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Joe Biden can’t save the planet from the climate crisis – at least not alone

This article is co-authored by Colombe Cahen-Salvador and Andrea Venzon and was originally published in The Independent. Click here to read the original piece. 

Lately, it seems like the future of the planet and the hope to stop the climate crisis hinges on two Georgia US Senate races in January that could tip the balance of Congress towards Joe Biden and the Democrats.  

However, the preconception that the climate emergency can be tackled successfully simply by the US rejoining the Paris Agreement and implementing Biden’s ambitious climate plan is highly misguided. 

CO2 reached record levels despite the global lockdowns caused by the coronavirus pandemic. The amount of action to cut emissions is far from what is needed to avoid the worst impacts of the climate emergency.

While the importance of the new US administration engaging and abiding by international climate standards cannot be underestimated, and the consequences of its four-year disregard of international treaties cannot be overestimated, the planet will not be saved by Biden. Granted, the US is the highest producer of greenhouse gases per capita, but alone it cannot turn the tide on the climate crisis.

That’s partly because the current treaties in place are not ambitious enough. Take the Paris Agreement targets that are the bare minimum: most experts agree that it will not be enough to prevent the global average temperature from rising 1.5C. “Countries need to double and triple their 2030 reduction commitments to be aligned with the Paris target,” said Sir Robert Watson, former chair of the Intergovernmental Panel on Climate Change (IPCC). 

Yet, in the last year, governments around the world have prioritised the fight against the virus, and – intentionally or not – abandoned several of their commitments to the climate. In a turn of events, the Climate Transparency Report pointed out that India is the only G20 country on track to meet its emissions targets.

Beyond the need to set more radical and ambitious targets that are actually met, the uncomfortable truth is that people of the world need to stop looking to one country or leader to solve the climate crisis. The climate crisis is the perfect example that our lives are interconnected across the world, and that collective and coordinated radical actions are needed. Even India's nationalist prime minister, Narendra Modi, said it: “Climate change must be fought not in silos, but in an integrated, comprehensive and holistic way.” 

However, so far the truth has been a radically different one. Take the example of Cop25 in 2019: world leaders were expected to agree on the fundamental and pivotal “Article 6” of the Paris agreement, namely rules for carbon markets and other forms of international cooperation. However, no agreement on the matter was reached, and those key talks were pushed to Cop26, back then scheduled to take place in 2020.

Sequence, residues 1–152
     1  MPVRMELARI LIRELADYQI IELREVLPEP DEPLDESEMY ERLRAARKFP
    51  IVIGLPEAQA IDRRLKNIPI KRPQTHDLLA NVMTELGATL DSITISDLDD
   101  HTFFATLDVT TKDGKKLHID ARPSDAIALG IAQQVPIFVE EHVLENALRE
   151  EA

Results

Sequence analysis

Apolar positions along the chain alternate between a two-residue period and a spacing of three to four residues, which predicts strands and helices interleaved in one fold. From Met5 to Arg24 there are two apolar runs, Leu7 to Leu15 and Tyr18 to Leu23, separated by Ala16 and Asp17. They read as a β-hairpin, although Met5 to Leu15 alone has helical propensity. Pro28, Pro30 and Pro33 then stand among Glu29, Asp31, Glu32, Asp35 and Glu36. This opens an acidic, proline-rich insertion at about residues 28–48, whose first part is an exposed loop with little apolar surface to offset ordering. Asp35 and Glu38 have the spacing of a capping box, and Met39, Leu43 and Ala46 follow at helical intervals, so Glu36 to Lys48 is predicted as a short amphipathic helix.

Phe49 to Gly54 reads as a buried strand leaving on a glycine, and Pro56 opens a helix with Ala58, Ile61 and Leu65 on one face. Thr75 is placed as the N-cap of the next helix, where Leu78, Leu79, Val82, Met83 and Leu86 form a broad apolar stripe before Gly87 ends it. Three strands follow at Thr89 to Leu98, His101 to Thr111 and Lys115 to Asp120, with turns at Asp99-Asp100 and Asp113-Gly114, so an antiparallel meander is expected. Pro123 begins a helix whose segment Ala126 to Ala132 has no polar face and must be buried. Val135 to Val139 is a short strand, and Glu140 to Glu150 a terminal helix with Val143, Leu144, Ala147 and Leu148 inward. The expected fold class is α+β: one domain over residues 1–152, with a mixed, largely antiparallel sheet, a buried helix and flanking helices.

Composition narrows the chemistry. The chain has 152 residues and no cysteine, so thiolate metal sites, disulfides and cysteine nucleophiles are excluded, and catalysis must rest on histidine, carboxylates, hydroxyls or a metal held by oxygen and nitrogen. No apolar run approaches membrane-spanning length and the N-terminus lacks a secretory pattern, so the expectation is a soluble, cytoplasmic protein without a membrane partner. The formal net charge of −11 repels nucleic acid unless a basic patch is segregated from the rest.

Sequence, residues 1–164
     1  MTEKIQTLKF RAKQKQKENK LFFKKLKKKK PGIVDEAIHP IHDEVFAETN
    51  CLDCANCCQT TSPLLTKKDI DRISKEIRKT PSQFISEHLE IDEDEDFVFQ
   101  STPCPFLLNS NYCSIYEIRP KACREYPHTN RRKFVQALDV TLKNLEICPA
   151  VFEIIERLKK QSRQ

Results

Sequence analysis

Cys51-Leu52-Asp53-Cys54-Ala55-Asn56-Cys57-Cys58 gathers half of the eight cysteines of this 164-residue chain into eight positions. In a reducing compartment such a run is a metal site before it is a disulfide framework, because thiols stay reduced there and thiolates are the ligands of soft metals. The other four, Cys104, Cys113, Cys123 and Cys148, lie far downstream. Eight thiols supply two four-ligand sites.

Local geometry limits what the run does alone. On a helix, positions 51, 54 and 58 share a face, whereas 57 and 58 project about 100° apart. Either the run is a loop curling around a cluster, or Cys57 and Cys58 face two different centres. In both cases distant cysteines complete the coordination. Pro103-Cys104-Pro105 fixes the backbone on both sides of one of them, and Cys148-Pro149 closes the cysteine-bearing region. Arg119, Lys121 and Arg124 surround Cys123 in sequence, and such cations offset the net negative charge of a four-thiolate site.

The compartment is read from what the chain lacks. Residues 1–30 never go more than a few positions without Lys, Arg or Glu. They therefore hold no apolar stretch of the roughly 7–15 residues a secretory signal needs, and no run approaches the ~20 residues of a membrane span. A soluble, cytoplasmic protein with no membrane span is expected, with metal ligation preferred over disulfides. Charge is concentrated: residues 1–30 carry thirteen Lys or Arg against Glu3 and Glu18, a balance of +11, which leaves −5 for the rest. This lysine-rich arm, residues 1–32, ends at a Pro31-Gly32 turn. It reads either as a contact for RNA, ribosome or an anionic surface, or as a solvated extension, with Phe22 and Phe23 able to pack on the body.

Even the UN secretary-general, Antonio Guterres, said that at Cop25: “The international community lost an important opportunity to show increased ambition on mitigation, adaptation and finance to tackle the climate crisis.” Cop26 did not happen this year as the Covid-19 pandemic made it difficult to meet in person, and world leaders could apparently not figure out how to meet on Zoom to stop the climate crisis.

While governments are notoriously slow in cooperating, time is of the essence: people from all over the world can and must take the lead. The good news is that there are currently many inspiring initiatives around the world of people coming together to stop the climate emergency. There is hope: from climate strikes by Fridays For Future or educational platforms such as Earthrise Studio, to Green December by Now!, a month in which thousands of activists from all across the globe take individual coordinated actions to counter the climate crisis and showcase that collaboration leads to better results.

The people of the world have shown multiple times that they are ready to take action, beyond cultural differences, borders, and political interests. World leaders, including the new US administration, should follow their lead and start collaborating across borders to bring back climate on top of the world agenda, and stop the climate crisis once and for all. 

Andrea Venzon and Colombe Cahen-Salvador are co-founders of Now!, a global movement pushing for us all to work as one to solve the biggest challenges of our time. Find out more about Green December here:

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